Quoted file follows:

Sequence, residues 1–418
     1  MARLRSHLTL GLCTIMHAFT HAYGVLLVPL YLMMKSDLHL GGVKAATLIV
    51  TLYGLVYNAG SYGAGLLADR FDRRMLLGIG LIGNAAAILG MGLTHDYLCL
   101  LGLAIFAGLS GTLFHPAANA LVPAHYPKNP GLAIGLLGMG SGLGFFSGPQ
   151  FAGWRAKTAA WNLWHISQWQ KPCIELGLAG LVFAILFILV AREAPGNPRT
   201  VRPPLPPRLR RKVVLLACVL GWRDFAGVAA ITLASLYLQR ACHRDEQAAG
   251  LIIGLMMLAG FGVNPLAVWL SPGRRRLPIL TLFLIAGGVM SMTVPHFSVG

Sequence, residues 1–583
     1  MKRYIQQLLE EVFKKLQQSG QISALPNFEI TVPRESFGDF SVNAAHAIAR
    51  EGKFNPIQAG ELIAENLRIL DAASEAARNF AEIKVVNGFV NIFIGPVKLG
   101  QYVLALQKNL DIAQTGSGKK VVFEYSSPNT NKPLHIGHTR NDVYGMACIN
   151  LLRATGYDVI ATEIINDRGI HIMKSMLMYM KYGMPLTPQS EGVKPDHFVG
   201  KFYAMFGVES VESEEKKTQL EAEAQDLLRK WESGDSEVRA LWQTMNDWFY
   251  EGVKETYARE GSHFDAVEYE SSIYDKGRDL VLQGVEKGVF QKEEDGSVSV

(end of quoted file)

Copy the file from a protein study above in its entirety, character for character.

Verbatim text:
Sequence, residues 1–418
     1  MARLRSHLTL GLCTIMHAFT HAYGVLLVPL YLMMKSDLHL GGVKAATLIV
    51  TLYGLVYNAG SYGAGLLADR FDRRMLLGIG LIGNAAAILG MGLTHDYLCL
   101  LGLAIFAGLS GTLFHPAANA LVPAHYPKNP GLAIGLLGMG SGLGFFSGPQ
   151  FAGWRAKTAA WNLWHISQWQ KPCIELGLAG LVFAILFILV AREAPGNPRT
   201  VRPPLPPRLR RKVVLLACVL GWRDFAGVAA ITLASLYLQR ACHRDEQAAG
   251  LIIGLMMLAG FGVNPLAVWL SPGRRRLPIL TLFLIAGGVM SMTVPHFSVG

Sequence, residues 1–583
     1  MKRYIQQLLE EVFKKLQQSG QISALPNFEI TVPRESFGDF SVNAAHAIAR
    51  EGKFNPIQAG ELIAENLRIL DAASEAARNF AEIKVVNGFV NIFIGPVKLG
   101  QYVLALQKNL DIAQTGSGKK VVFEYSSPNT NKPLHIGHTR NDVYGMACIN
   151  LLRATGYDVI ATEIINDRGI HIMKSMLMYM KYGMPLTPQS EGVKPDHFVG
   201  KFYAMFGVES VESEEKKTQL EAEAQDLLRK WESGDSEVRA LWQTMNDWFY
   251  EGVKETYARE GSHFDAVEYE SSIYDKGRDL VLQGVEKGVF QKEEDGSVSV